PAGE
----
Aging and overactive bladder may be associated with loss of urethral sensation in women

Kimberly Kenton*, Lior Lowenstein, Jennifer Simmons, Linda Brubaker

*Corresponding author for this work

Research output: Contribution to journalArticlepeer-review

33 Scopus citations

Abstract

Aims: To compare current perception thresholds (CPT) in the urethra and bladder of women with idiopathic overactive bladder to asymptomatic controls. Methods: Women with ≥1 urge urinary incontinence (UUI) episode per week on 7-day diary, seeking treatment for UUI underwent CPT testing using a Neurometer® CPT device (Neurotron, Inc., Baltimore, MD). Testing was done in the urethra and bladder at three frequencies 2,000, 250, and 5 Hz corresponding to A-β, A-δ, and C fibers, respectively. CPT values from the women with UUI were compared to CPT values from a group of control women without lower urinary tract symptoms. Results: Forty-eight controls without lower urinary tract symptoms and 13 women with UUI were included in the analysis. Women with UUI were significantly older (mean ± SD age 62 ± 14 and 44 ± 15, P < 0.0005) and more likely to be vaginally parous (P = 0.007) than control women. Urethral CPT at 2,000, 250, and 5 Hz were significantly higher in women with UUI than controls, while bladder CPT were not different between groups. Using logistic regression, to control for age and parity, urethral CPT at 5 Hz remained significantly higher in women with UUI than controls (P = 0.013). Conclusion: Urethral sensation is significantly higher in older women, suggesting sensory neuropathy in the lower urinary tract increases with age and may contribute to the increase in overactive bladder seen with aging. These data reinforce the role of the urethra in lower urinary tract function.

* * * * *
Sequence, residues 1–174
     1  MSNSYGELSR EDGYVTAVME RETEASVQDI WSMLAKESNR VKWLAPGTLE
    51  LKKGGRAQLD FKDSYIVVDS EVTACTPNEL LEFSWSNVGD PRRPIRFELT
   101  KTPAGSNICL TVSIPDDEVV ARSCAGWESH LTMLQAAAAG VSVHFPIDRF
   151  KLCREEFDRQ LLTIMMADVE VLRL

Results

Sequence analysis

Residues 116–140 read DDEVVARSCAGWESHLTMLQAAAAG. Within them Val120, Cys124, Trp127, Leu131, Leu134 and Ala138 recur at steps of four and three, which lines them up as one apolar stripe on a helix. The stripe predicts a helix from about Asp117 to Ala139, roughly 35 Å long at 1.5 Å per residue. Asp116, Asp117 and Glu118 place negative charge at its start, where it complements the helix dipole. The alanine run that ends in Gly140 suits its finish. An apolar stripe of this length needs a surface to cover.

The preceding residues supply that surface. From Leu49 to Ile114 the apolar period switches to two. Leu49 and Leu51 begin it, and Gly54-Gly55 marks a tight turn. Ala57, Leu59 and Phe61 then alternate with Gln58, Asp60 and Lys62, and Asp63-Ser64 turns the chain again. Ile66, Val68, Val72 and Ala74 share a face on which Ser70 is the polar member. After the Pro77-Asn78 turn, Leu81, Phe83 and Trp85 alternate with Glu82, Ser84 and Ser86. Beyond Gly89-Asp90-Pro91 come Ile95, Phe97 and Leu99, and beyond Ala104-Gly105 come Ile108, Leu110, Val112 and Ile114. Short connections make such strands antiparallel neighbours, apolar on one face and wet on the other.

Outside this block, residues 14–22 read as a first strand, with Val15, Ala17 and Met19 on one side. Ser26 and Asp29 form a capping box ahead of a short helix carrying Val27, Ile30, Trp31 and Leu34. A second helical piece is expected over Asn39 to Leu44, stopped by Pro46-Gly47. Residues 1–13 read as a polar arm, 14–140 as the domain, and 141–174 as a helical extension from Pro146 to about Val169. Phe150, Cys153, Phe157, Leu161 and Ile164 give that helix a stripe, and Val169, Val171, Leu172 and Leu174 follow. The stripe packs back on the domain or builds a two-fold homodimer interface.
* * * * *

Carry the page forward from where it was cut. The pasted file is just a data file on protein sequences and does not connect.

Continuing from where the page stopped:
Original languageEnglish (US)
Pages (from-to)981-984
Number of pages4
JournalNeurourology and Urodynamics
Volume26
Issue number7
DOIs
StatePublished - Nov 16 2007

Keywords

  • Bladder sensation
  • CPT
  • Current perception threshold
  • Urethral sensation

ASJC Scopus subject areas

  • Clinical Neurology
  • Urology

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